Traumatic Brain Injury (TBI)
Traumatic Brain Injury, or TBI, is a complex injury
with a broad spectrum of symptoms and disabilities.
A TBI occurs when a sudden trauma damages the
brain. A TBI can also be called a brain injury, an
acquired head injury, or simply a concussion.
MRI and CAT scans can pinpoint damage, but
diagnosis usually relies on observation and
presence of symptoms. Symptoms can easily be
overlooked, especially if there is other trauma to
the body, and the diagnosis of TBI can be missed.
Cognitive skills testing can help diagnose TBI and is
usually administered several days after the trauma. Cognitive skills testing can reveal which cognitive skills need to be strengthened to enable recovery. The tests measure all cognitive skills including
memory, processing speed, visual and auditory
processing, logic and reasoning, and attention.
TBI is caused when the head suddenly and violently
hits an object, when the head is powerfully jolted
or shaken, or when an object pierces the skull and
enters brain tissue.
Symptoms of a TBI can be mild, moderate, or severe
and are not always immediate. They include:
Lightheadedness or dizziness
Blurred vision or tired eyes
Ringing in the ears
Bad taste in the mouth
Loss of consciousness
Convulsions or seizures
Numbness or poor coordination in limbs
Fatigue or lethargy
Agitation or restlessness
Change in sleep patterns
Mood swings and behavior changes
Trouble with memory, concentration, attention, or thinking
According to the Centers for Disease Control and Prevention, in the United States each year approximately:
1.5 million people suffer a TBI
50,000 people die from TBI
85,000 people suffer long-term disabilities
Disabilities depend on the location and severity of the injury, and the age and health of the individual. For people who recover, common long-term disabilities include problems with cognition (memory, attention, reasoning), sensory
processing (sight, smell, taste, touch and hearing), communication (expressing and understanding) and behavior or mental health (depression, anxiety, personality changes, aggression, social inappropriateness).
Initial treatment focuses on stabilizing the patient to prevent further injury along with testing, observation, and mental and physical rest. Long term rehabilitation can include:
Speech or language therapy
Psychiatric or psychological counseling
Cognitive skills testing and training
Nutrition: You might also be able to reduce the frequency or severity of the symptoms by limiting the intake of foods containing non-organic dyes, which have been linked to hyperactivity. Controlling sugar consumption can also be helpful as well as supplementing with Omegas. Including plenty of varied fruits and vegetables as well as non-processed foods is key to brain health. Ensuring appropriate hydration is also essential for brain function and overall health. IQRx works with our Juice Plus partners in improving nutrition and a healthy lifestyle (mdevarona.juiceplus.com). IQRx counts with support of a licensed nutritionist for additional consultations when needed.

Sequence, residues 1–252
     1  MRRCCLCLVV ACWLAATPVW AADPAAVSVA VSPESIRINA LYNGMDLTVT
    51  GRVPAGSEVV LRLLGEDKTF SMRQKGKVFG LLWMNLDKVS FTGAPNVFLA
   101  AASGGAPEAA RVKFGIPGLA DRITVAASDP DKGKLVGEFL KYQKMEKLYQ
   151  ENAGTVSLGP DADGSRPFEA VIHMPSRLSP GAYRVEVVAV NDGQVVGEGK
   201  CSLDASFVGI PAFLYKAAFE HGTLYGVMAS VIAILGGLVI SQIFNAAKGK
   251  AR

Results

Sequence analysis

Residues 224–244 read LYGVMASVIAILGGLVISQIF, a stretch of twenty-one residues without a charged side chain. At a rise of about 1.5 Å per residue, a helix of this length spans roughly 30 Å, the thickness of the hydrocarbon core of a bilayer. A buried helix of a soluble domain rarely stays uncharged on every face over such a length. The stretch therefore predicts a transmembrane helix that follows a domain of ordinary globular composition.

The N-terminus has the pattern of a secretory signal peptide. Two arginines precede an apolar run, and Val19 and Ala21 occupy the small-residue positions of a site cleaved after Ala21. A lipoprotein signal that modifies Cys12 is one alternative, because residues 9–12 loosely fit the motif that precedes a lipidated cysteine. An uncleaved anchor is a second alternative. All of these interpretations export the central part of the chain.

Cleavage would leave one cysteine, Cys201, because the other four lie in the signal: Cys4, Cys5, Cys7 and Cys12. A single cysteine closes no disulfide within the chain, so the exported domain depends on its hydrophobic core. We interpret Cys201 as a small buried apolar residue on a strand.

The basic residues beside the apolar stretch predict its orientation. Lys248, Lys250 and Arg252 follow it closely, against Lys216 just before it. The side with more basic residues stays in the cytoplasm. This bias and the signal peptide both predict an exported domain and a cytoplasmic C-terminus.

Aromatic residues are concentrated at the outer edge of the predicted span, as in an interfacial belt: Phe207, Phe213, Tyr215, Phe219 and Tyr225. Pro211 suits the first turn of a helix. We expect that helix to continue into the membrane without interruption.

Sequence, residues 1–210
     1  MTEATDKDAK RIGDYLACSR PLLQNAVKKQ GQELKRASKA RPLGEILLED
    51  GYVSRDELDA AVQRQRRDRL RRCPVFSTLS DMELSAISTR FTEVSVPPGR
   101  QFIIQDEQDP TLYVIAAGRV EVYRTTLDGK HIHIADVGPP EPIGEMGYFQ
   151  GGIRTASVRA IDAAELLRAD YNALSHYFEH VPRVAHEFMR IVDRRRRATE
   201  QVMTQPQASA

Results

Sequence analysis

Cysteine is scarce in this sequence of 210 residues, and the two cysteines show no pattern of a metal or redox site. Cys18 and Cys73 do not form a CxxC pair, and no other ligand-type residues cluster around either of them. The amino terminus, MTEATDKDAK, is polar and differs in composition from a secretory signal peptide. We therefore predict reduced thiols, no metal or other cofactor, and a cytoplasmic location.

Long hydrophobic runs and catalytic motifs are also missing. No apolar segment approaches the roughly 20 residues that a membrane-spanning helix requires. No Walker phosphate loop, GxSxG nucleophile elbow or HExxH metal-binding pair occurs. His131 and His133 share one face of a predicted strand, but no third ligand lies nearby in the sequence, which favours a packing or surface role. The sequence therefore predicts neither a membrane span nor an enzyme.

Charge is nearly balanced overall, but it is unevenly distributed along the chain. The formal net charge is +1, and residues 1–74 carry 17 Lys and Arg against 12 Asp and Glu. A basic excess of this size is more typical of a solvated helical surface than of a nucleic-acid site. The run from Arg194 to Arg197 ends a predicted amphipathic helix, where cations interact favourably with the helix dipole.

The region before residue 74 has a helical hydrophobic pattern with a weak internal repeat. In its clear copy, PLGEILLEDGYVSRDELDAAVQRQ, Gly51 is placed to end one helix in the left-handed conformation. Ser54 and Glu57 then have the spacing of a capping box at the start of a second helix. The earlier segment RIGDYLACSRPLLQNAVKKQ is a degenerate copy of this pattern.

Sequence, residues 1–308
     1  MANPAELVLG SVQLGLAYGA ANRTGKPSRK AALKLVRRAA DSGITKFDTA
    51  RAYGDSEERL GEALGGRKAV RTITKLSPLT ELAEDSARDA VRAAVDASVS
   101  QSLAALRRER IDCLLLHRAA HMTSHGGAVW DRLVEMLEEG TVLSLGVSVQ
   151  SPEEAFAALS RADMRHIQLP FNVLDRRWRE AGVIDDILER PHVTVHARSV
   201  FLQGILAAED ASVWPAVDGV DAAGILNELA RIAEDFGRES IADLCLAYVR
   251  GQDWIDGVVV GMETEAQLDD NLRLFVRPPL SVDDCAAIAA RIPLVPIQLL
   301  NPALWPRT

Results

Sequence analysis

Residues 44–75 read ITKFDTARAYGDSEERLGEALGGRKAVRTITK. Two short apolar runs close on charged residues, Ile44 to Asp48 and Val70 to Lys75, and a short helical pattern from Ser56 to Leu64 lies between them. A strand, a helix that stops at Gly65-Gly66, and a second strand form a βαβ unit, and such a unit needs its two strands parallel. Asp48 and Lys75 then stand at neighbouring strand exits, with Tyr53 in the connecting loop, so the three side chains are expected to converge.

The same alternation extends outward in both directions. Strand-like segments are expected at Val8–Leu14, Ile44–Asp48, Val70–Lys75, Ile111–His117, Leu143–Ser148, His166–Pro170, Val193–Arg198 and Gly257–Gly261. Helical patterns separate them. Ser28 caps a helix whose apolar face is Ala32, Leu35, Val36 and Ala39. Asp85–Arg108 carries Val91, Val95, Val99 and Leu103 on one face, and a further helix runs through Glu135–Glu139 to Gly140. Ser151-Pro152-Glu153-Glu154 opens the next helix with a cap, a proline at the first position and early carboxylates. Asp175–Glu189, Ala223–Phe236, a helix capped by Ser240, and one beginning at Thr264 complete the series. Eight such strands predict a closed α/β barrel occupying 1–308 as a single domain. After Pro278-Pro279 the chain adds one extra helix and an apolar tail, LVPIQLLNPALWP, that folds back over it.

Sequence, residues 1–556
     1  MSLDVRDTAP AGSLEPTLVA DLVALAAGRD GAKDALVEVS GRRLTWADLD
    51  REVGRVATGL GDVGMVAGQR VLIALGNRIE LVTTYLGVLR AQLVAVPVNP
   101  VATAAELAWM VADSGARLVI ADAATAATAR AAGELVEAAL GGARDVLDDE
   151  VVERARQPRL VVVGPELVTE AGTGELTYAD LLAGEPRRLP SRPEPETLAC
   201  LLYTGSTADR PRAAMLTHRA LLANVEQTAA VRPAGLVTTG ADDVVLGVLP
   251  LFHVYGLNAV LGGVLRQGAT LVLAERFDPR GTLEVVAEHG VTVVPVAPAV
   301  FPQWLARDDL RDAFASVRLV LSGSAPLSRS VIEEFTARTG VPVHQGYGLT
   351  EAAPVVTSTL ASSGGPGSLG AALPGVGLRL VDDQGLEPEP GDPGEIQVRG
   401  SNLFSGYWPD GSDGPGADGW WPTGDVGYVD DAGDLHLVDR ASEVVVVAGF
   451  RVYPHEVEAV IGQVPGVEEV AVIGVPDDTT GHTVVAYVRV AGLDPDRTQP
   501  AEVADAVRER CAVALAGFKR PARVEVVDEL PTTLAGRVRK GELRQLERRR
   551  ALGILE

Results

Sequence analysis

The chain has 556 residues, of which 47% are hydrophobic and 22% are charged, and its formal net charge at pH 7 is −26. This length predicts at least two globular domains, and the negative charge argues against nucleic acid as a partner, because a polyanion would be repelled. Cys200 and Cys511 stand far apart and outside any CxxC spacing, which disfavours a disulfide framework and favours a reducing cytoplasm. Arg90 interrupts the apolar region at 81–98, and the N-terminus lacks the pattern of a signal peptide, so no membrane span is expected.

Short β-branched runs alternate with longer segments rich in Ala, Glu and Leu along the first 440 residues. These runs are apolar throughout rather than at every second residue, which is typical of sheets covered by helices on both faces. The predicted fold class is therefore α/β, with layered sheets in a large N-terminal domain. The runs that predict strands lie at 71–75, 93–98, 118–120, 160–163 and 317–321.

Exercise: Physical exercise is also effective to manage some symptoms and overall brain health. Exercise has been found to reduce brain cell loss, reduce risk of depression and anxiety, and help you sleep better. Exercising regularly increases blood flow therefore achieving better brain oxygenation. Children should exercise 60 minutes per day of moderate to vigorous exercise including bone and muscle training at least 3 days a week. Adults should exercise at least 150 minutes of moderate exercise (or 75 of vigorous exercise) and muscle strengthening twice a week.
Sleep Habits: Getting the proper amount of sleep is known to optimize mental functioning. While sleeping, the brain is regenerating neurons and consolidating memory. There are tables to offer guidance as to how much sleep is needed per age. In general, preschoolers (3 - 5 years old) require 10 - 13 hours a day including naps. Elementary students (6 - 12 years old) need 9 - 12 hours a day. Teenagers (13 - 18) need 8 - 10 hours a day and adults (> 18 years old) require at least 7 hours a day. There are natural ways to ensure proper sleep health such as using aromatherapy, essential oils, specific teas, white noise, ensuring no electronics are emitting light, removing mobile phones and other electronics from the room or not keeping them nearby, using melatonin.
Protecting the Brain: Wear helmets when riding bicycles, motorcycles, mopeds, horses, etc., and when playing contact sports like football or rugby. Protect the brain from chemical contaminants in the environment as well as in food or by avoiding drugs, cigarette, and alcohol consumption.
Brain Training: Cognitive skills training attacks the root causes of symptoms by strengthening weak cognitive skills.
Cognitive skills training treats the causes of learning and execution struggles to help children, teens, and adults excel in school, sports, the workplace, and extracurricular activities (like sports, music, art, and dance).
IQRx Cognitive Training Programs Include:
BrainRx cognitive skills training, post-TBI, can dramatically improve cognitive skills and greatly reduce or eliminate cognition problems with concentration, attention, memory, processing speed and visual and auditory processing.
"People with brain injuries—whether the injury was sustained during an accident, illness, or while playing sports—also see great results from brain training. People with brain injuries commonly struggle with thinking, memory, reasoning, and focus—all of which are strengthened by our programs." - BrainRx
The Dana Foundation
Brain Injury Resource Center
— BrainRx Student